Melatonin content in plasma and large intestine of patients with colorectal carcinoma before and after surgery

Published on Wednesday, 26 August 2015


The distinct melatonin rhythm with higher concentrations during the darktime was found in plasma of both control patients and patients with colorectal carcinoma.

Moderate surgery did not induce any changes in plasma melatonin levels, but a pronounced increase in both the day- and nighttime melatonin concentrations was found after surgical treatment for colon cancer.

The melatonin content in the tumor tissue did not differ from that in the proximal and the distal parts of the resected gut, which were without signs of malignant changes. Neither concentrations of serotonin nor 5-hydroxyindole acetic acid differed among analyzed parts of the gut.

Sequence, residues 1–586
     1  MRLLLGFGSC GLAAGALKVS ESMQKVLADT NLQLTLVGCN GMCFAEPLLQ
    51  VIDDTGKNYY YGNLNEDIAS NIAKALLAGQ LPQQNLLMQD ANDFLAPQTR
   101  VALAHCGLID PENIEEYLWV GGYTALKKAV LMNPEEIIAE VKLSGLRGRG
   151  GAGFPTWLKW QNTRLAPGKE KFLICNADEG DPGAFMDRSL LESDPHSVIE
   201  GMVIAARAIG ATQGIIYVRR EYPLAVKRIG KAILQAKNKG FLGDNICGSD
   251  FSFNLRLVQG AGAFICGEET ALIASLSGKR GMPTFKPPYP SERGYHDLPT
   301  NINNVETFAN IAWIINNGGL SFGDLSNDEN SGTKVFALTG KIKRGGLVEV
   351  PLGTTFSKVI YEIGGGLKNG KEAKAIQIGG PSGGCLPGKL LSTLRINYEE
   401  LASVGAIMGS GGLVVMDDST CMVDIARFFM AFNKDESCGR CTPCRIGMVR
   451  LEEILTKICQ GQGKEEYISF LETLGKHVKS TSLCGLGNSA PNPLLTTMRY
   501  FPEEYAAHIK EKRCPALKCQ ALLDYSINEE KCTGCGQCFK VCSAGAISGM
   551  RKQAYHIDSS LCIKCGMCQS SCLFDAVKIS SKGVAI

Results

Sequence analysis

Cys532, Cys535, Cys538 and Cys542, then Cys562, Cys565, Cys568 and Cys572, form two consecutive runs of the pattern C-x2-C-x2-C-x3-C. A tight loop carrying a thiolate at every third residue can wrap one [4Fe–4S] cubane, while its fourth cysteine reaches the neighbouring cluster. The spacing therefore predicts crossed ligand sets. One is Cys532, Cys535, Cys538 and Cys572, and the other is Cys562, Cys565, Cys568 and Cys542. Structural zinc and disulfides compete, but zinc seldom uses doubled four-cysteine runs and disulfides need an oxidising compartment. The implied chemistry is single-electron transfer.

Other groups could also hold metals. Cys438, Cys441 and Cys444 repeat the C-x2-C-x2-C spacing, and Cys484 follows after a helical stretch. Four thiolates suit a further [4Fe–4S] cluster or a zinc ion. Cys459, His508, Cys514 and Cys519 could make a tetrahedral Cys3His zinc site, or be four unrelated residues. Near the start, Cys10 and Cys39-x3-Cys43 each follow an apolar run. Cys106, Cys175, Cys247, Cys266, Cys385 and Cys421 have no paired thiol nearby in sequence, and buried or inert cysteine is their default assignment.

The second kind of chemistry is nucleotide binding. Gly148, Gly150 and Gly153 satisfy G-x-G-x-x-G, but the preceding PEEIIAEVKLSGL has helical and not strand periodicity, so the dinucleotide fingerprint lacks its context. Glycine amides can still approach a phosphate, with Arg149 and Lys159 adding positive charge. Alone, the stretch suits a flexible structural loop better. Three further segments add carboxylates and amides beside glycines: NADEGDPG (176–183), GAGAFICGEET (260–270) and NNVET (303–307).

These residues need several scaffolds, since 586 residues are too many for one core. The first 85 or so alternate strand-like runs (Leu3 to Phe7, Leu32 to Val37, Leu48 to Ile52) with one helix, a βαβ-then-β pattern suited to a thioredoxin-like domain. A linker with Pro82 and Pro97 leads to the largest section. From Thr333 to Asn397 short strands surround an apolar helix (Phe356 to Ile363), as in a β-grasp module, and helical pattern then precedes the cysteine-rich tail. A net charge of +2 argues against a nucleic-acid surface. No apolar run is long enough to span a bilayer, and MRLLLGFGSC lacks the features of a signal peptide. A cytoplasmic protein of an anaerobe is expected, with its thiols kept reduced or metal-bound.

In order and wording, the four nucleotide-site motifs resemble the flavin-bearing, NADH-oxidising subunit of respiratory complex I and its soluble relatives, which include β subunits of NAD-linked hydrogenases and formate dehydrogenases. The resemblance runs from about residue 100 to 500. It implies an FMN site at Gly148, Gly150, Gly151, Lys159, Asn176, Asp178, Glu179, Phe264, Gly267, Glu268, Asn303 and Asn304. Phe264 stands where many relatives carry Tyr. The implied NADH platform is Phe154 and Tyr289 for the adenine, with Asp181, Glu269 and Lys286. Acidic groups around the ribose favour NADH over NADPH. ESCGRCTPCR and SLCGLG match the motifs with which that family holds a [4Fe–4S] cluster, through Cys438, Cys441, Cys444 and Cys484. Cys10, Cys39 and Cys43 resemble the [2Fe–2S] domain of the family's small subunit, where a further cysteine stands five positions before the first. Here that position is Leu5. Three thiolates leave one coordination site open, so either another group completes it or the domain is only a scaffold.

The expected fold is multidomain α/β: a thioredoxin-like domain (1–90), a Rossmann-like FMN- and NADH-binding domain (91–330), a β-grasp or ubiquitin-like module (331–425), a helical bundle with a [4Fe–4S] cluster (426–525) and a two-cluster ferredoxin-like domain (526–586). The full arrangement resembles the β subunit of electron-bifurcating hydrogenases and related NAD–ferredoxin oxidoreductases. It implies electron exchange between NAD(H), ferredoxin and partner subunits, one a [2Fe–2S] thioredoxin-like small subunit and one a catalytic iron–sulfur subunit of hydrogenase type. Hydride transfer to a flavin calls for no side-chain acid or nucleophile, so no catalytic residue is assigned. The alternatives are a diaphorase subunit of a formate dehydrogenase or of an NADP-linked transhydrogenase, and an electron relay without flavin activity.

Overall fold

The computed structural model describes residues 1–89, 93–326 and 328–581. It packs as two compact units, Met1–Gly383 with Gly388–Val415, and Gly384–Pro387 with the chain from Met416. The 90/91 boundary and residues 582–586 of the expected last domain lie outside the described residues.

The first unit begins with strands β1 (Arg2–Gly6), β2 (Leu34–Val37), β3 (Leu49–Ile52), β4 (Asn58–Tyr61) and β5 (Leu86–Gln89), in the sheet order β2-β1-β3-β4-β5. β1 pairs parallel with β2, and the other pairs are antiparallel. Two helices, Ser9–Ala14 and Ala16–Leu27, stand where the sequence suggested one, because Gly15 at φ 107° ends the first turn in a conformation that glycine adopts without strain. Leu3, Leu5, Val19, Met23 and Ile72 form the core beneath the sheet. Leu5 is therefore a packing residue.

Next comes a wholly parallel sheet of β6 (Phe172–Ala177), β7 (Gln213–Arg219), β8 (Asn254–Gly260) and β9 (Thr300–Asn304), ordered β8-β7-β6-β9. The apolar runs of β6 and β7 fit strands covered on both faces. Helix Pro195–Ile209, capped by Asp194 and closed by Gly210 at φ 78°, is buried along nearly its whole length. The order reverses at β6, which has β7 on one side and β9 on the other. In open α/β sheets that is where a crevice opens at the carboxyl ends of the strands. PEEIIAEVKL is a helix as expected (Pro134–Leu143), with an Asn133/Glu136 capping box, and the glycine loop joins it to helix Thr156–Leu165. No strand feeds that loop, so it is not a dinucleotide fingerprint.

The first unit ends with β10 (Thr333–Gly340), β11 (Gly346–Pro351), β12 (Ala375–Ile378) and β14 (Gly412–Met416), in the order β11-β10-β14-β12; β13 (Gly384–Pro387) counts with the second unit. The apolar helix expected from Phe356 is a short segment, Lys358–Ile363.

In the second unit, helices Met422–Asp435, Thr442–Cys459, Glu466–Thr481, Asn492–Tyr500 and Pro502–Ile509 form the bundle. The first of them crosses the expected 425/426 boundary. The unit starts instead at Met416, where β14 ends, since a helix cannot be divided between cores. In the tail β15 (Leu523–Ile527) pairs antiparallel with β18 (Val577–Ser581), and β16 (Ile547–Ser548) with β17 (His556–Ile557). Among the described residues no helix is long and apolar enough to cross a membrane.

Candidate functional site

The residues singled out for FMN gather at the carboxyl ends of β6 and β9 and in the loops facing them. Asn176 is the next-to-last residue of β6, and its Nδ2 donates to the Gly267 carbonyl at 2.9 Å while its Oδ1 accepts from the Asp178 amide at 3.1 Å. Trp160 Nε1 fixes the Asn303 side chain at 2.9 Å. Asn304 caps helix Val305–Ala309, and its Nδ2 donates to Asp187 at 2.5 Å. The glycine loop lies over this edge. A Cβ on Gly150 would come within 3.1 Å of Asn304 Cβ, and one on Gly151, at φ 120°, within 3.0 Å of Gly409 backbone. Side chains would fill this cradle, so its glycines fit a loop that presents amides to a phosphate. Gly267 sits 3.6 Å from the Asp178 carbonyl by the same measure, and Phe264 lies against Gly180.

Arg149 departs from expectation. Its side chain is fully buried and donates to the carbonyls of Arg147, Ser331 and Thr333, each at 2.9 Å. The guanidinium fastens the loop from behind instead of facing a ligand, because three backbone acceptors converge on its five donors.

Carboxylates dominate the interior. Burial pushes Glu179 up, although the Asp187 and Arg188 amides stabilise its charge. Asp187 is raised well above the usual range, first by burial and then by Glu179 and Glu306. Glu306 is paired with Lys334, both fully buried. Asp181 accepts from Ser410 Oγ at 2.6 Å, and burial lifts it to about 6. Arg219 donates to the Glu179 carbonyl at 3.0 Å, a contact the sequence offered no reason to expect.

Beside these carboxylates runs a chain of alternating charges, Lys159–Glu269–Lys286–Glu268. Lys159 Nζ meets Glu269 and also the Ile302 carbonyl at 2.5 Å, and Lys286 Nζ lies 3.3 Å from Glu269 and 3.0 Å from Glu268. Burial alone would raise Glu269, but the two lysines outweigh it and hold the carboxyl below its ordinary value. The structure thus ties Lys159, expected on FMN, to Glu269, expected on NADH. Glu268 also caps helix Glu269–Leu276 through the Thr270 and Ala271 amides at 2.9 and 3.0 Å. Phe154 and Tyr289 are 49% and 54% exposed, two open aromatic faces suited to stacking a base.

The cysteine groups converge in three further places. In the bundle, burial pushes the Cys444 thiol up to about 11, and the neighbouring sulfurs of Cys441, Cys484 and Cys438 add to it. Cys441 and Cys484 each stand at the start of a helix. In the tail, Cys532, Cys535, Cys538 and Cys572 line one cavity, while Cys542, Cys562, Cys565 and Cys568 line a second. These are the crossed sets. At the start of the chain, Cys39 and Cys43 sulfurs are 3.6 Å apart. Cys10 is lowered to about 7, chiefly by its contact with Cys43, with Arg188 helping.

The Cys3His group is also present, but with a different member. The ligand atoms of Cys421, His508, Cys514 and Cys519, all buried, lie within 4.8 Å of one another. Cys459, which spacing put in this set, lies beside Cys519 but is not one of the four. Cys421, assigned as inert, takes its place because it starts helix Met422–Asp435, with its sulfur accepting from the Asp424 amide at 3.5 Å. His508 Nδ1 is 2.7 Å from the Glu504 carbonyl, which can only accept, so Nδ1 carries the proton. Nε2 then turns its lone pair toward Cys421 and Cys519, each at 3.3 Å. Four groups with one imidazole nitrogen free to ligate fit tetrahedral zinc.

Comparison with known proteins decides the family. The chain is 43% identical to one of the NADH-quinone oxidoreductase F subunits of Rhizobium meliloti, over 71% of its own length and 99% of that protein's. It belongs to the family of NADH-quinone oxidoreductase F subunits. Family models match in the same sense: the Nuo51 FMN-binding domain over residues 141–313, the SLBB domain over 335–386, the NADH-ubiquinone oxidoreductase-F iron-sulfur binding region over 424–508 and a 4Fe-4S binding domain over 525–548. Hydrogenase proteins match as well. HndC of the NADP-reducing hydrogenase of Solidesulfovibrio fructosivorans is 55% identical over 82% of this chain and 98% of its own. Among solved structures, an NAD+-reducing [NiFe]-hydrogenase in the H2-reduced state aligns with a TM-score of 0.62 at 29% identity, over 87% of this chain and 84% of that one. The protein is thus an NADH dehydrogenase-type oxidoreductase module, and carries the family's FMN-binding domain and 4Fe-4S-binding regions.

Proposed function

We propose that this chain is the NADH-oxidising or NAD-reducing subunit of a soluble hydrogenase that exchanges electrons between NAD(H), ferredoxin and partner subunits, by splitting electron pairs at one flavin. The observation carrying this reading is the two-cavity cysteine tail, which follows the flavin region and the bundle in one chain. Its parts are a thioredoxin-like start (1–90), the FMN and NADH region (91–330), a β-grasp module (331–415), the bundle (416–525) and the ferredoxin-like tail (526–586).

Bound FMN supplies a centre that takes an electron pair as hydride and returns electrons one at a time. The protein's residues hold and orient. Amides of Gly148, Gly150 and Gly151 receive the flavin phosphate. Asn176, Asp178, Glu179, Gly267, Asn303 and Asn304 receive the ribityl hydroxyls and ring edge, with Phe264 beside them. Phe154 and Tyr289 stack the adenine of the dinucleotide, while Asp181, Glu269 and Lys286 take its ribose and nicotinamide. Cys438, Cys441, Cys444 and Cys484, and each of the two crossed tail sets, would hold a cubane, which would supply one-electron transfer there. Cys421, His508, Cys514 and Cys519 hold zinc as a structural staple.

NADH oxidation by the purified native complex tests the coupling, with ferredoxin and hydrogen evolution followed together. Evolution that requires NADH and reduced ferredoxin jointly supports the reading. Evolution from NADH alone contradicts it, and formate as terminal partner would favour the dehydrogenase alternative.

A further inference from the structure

Daytime melatonin concentrations in gut tissue (314.7 +/- 87.8 pg/g of wet tissue) were more than ten times higher than the daytime levels in circulation.

It was hypothesized that increased levels of this hormone in the gastrointestinal tract may play an important protective role against the development of colorectal cancer via stimulation of the immune system, protection against free radicals, and interaction with fatty acid uptake and metabolism.



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